I Have Ringing In My Ears. Could I Have A Brain Tumor?

Ringing in the ear is a frustrating but straightforward case of tinnitus.

Acoustic Neuromas and Tinnitus

Have you ever wondered if that persistent ringing in your ears is a sign of significant problems between your ears? 

Short answer: probably not.

Most ringing in the ear is a frustrating but straightforward case of tinnitus. Sometimes, however, the tone you’re hearing may be symptomatic of other issues, including the presence of a noncancerous tumor on the auditory nerve, called an acoustic neuroma

Watch Dr. Ben’s explanation of the relationship between tinnitus and tumors. 

Because the space separating the brain and the skull is only a few millimeters, even minor inflammation or unusual growths in the cranial cavity can manifest in the form of headaches, dizziness, and yes, a ringing in your ear. An acoustic neuroma – or vestibular schwannoma – is just one kind of abnormal growth, occurring when a group of cells develops on the auditory nerve. Although an acoustic neuroma is a benign (noncancerous) tumor that does not spread to other parts of the brain or cause cancer, it can impact both hearing and balance, as well as lead to a host of discomforts. 

Acoustic neuromas are very rare, impacting fewer than 20,000 people in the U.S. each year. A 2017 study showed that just around 2% of people reporting hearing loss or ringing in one ear turned out to have a vestibular schwannoma. 

"Treble Health helped me reduce my tinnitus by about 80%, and now I can live my life again!"
"Treble Health helped me reduce my tinnitus by about 80%, and now I can live my life again!"
– Steve D.
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If you’re like the more than 36 million Americans who experience ringing in their ears, this should come as good news. Unless your hearing concerns are disrupting your daily life or you find yourself experiencing new or unusual symptoms, most people experiencing routine tinnitus should feel comfortable waiting until their next appointment with a specialist for any additional testing.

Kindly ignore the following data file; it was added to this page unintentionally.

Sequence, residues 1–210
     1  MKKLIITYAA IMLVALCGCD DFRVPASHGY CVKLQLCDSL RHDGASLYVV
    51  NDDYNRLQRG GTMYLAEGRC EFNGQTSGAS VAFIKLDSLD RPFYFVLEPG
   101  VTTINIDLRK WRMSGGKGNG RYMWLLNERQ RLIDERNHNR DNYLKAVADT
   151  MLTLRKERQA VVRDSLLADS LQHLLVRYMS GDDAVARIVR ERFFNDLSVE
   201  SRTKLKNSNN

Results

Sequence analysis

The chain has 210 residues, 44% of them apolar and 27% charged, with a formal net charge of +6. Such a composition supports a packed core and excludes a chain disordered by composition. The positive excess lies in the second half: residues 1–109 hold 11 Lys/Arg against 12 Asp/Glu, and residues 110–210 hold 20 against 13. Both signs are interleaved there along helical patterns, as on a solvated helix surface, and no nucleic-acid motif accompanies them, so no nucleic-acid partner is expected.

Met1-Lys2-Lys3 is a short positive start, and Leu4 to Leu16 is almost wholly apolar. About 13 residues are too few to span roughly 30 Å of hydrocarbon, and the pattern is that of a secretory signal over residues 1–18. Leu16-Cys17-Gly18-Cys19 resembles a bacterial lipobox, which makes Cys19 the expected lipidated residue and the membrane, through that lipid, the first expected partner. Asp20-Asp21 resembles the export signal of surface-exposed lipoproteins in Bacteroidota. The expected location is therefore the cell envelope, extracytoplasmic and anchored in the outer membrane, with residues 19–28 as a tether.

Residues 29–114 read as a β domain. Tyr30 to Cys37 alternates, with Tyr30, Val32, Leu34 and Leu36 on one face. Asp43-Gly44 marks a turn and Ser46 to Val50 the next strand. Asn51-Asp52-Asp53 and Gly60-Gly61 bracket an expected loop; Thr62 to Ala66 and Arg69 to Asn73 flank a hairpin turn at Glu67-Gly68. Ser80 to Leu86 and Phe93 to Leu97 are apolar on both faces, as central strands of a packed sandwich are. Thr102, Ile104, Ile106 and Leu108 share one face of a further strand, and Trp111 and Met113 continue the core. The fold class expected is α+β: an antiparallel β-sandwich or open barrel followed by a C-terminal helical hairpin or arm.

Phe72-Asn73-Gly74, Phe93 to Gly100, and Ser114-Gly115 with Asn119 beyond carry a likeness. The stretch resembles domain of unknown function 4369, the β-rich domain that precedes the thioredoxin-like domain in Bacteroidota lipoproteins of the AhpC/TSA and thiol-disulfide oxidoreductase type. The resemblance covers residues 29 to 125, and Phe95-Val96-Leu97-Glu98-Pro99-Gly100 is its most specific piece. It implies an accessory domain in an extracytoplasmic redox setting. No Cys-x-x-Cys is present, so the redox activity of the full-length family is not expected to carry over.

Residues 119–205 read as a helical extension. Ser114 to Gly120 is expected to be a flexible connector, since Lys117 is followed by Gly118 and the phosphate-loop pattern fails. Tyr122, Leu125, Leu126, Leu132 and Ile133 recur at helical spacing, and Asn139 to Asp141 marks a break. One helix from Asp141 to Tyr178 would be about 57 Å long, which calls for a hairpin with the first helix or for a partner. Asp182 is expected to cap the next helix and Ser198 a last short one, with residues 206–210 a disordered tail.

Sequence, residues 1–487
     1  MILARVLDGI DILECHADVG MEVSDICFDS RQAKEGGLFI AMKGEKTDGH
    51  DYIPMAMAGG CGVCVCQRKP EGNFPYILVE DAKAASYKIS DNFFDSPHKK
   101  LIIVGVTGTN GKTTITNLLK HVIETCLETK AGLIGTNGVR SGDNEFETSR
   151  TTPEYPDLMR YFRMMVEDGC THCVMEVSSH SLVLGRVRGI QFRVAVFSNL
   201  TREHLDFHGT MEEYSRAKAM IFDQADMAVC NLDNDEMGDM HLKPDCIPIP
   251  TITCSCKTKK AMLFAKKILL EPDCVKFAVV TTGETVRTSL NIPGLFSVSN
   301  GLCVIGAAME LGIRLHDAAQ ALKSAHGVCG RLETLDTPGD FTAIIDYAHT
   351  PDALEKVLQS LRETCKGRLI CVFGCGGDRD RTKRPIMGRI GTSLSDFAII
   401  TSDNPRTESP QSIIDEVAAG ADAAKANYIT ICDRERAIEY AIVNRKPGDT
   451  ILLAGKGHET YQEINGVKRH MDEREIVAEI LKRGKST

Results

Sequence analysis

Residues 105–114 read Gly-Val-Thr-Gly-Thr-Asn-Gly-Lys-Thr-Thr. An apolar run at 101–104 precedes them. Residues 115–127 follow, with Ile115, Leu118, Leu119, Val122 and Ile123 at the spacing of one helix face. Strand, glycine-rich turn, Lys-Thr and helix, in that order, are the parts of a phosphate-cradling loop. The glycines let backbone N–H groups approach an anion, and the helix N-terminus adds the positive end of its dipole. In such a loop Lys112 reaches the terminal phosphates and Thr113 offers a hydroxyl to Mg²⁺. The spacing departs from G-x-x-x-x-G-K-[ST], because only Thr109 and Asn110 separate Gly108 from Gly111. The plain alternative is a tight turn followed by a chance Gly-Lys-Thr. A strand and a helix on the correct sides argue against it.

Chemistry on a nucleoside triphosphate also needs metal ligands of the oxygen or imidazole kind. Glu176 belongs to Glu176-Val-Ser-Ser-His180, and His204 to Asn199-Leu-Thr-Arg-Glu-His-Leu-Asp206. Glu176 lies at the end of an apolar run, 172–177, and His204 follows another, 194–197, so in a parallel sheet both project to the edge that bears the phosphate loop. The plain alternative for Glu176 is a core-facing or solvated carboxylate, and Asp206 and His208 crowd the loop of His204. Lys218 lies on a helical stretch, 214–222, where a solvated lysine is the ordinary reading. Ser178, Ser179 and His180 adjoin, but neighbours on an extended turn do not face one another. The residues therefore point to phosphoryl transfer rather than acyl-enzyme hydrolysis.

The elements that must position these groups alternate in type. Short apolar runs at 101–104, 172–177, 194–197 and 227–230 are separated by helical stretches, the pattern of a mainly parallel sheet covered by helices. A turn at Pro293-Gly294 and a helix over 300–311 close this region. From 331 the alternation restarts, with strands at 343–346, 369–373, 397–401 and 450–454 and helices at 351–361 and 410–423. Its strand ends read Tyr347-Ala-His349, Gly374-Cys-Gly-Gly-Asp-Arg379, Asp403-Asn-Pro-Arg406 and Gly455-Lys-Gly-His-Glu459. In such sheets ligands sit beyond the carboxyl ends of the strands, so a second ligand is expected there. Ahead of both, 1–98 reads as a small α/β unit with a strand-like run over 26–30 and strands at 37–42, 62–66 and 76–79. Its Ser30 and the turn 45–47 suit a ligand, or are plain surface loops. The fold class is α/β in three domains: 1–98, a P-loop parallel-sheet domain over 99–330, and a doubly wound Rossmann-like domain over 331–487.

That said, it’s important to pay attention to symptoms that may arise in addition to your tinnitus, like facial numbness, ear pain, dizziness, headaches, migraines, or the feeling that the room is spinning (a condition known as vertigo). These co-occurring issues can signal a deeper problem. If you have any combination of those symptoms, contact your doctor to let them know. They may order a hearing test, an MRI, or a neuroimaging study to see what’s going on past the eardrum. Your doctor may also refer you to an ear, nose, and throat professional for even more thorough evaluation. 

If your tests reveal an acoustic neuroma, know that most are typically very slow growing. Research shows that less than a third of acoustic neuromas show discernable growth even four years after diagnosis. In fact, my own grandfather has had the condition for more than a decade. His doctors monitor him annually, but no medical intervention has been necessary. 

If medical intervention is appropriate, there are excellent treatment options. As an audiologist, I’ve conducted hundreds of hearing tests and hearing aid fittings for patients who have had surgery for an acoustic neuroma. And while the procedures often result in some degree of hearing loss, the overall risk of complications is low. Patients should consult their doctor and proceed in a manner that aligns with your own health goals and preferences.

In short, if you’ve struggled with tinnitus for an extended period of time with relatively consistent symptoms, you’re likely among the 15% of Americans with a run-of-the-mill case of ringing in your ear. If your symptoms seem to be evolving, with increasing severity or accompanied by new and unusual issues, contact your physician. 

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